Where Are You? I’m Here!

 By Michael Pardo, Cornell University & Open University of Sri Lanka

From left to right: [802], [802]’s four-year old calf, and a sub-adult female resting (this was before they moved to join Tulita under the maila tree)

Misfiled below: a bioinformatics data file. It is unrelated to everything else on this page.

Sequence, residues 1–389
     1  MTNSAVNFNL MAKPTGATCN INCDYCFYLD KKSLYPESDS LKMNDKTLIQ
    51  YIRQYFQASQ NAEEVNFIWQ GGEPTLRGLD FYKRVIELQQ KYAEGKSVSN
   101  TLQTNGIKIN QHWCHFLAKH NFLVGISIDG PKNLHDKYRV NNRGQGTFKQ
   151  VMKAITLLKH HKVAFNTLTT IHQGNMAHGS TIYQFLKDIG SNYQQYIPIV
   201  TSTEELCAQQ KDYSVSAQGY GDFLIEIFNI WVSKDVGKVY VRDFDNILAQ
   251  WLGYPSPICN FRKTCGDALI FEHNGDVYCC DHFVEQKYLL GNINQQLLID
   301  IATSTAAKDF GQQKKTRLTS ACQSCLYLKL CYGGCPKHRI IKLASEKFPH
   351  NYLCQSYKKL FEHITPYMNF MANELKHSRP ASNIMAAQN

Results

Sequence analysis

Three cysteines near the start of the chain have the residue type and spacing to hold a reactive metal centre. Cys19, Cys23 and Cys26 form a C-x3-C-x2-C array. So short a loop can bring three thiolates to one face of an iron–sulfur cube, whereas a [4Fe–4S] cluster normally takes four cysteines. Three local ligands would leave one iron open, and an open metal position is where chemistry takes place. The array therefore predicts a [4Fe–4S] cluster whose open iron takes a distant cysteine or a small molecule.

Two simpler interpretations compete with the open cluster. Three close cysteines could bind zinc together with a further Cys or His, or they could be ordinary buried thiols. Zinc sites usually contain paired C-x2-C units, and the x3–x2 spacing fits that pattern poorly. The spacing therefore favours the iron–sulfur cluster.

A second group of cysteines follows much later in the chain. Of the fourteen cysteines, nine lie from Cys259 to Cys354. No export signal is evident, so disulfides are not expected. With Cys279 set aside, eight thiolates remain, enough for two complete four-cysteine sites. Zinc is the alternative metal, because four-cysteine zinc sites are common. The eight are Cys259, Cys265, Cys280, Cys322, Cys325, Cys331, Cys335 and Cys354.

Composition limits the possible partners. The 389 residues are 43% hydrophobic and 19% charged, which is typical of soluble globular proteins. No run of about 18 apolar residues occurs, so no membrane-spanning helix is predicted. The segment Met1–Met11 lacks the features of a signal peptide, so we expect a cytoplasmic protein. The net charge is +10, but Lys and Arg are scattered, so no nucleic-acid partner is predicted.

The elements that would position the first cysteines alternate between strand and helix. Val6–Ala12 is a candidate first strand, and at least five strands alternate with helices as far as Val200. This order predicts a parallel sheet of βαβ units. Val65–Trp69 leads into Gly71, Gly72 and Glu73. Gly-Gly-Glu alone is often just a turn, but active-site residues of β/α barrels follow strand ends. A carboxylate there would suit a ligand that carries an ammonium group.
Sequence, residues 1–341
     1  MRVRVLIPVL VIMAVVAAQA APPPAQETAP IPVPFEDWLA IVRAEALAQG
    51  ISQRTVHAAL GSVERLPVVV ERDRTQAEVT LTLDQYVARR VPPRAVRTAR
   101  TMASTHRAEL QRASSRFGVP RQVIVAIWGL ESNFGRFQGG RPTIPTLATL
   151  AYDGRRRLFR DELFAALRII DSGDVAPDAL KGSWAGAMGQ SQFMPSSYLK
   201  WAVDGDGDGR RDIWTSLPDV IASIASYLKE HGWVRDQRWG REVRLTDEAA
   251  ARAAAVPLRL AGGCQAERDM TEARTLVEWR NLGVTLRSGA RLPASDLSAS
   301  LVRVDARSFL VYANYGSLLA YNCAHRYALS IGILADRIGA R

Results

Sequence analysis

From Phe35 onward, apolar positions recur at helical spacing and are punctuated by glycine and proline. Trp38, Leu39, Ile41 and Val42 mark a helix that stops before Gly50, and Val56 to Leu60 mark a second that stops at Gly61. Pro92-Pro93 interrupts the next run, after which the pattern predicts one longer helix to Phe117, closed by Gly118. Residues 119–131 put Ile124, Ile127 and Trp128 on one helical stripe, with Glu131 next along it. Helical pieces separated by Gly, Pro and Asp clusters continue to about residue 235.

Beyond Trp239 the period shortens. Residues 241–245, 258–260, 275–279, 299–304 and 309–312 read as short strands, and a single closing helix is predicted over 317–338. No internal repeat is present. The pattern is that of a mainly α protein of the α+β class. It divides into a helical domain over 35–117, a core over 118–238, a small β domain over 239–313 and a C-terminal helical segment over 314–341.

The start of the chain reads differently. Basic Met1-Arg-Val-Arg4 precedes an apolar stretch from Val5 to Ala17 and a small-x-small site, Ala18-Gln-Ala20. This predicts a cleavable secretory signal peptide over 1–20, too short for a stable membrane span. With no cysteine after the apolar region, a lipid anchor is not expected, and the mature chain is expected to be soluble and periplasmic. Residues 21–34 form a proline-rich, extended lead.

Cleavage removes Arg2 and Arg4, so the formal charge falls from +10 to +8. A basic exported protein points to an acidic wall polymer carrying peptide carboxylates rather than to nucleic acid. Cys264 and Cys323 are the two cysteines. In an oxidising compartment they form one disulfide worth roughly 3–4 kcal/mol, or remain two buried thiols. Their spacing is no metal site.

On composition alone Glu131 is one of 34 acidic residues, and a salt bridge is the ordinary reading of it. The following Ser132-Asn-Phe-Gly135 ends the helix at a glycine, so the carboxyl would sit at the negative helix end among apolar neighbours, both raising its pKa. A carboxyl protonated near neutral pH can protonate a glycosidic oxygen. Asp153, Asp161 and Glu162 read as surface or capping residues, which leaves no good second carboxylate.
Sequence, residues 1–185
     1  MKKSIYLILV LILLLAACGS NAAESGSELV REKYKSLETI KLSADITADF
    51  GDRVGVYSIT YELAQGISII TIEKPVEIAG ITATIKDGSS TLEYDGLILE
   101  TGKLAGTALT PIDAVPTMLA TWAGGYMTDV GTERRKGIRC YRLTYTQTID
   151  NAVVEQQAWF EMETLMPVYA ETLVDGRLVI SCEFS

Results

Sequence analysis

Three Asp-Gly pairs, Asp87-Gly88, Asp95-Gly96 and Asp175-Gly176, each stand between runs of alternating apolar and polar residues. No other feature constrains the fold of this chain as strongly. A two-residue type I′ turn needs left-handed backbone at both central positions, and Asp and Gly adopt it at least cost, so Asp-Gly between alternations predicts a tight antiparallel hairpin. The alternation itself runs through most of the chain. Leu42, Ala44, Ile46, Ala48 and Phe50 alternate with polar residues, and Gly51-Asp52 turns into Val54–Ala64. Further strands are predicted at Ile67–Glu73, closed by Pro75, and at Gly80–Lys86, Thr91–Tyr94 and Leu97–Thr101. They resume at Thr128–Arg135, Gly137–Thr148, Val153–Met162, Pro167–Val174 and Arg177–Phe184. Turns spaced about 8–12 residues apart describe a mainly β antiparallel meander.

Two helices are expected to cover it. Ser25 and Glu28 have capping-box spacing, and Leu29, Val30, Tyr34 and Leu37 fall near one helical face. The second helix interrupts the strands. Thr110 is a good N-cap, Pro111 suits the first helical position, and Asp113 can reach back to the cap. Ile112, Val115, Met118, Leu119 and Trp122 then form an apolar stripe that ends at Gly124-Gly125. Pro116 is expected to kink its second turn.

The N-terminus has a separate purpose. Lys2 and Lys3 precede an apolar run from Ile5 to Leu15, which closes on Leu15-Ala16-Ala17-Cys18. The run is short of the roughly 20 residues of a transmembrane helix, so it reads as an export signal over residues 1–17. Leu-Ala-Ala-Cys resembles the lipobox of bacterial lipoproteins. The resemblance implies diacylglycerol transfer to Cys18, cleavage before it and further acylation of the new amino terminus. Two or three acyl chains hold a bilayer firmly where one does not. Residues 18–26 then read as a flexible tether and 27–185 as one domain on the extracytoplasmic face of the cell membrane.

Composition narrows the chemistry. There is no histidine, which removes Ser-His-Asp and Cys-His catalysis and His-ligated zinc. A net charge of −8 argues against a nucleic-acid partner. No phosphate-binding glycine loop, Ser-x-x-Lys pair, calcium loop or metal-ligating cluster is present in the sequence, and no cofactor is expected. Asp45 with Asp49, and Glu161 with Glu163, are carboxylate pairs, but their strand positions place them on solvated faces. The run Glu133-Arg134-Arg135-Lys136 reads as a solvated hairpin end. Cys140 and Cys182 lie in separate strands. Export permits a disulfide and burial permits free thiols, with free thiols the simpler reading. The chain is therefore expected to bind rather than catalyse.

Tulita, [802], [802]’s calf, and a sub-adult female stood nearly motionless under the low-hanging canopy of the maila tree.  Their heads drooped low and their trunks rested on the ground as they huddled together in the shade, seeking respite from the blazing noonday sun.  The only movement was the occasional swish of a tail, in an attempt to swat away some pesky insect.  A group of jabbering tourists pulled up in a small caravan of jeeps, but the elephants paid them no heed. Suddenly, two low growls echoed across the road over the noise of the human onlookers—deep, rumbling sounds like the purring of a truck-sized cat.  They were followed by two roar-rumbles, more urgent-sounding vocalizations where a loud bellow precedes the softer rumbling component.  One more call emanated from the tall undergrowth before the sub-adult female finally answered it.  Her response was immediately answered in turn, initiating a brief exchange of vocalizations between the unseen elephant and the sub-adult under the maila tree.  As I scanned the shrubs expectantly, they soon parted, revealing the dust-covered forehead of a small female elephant.  The newcomer stepped fully out of the thorny vegetation, displaying ears with a noticeable flap in front and a long, narrow lobe.  It was Continue reading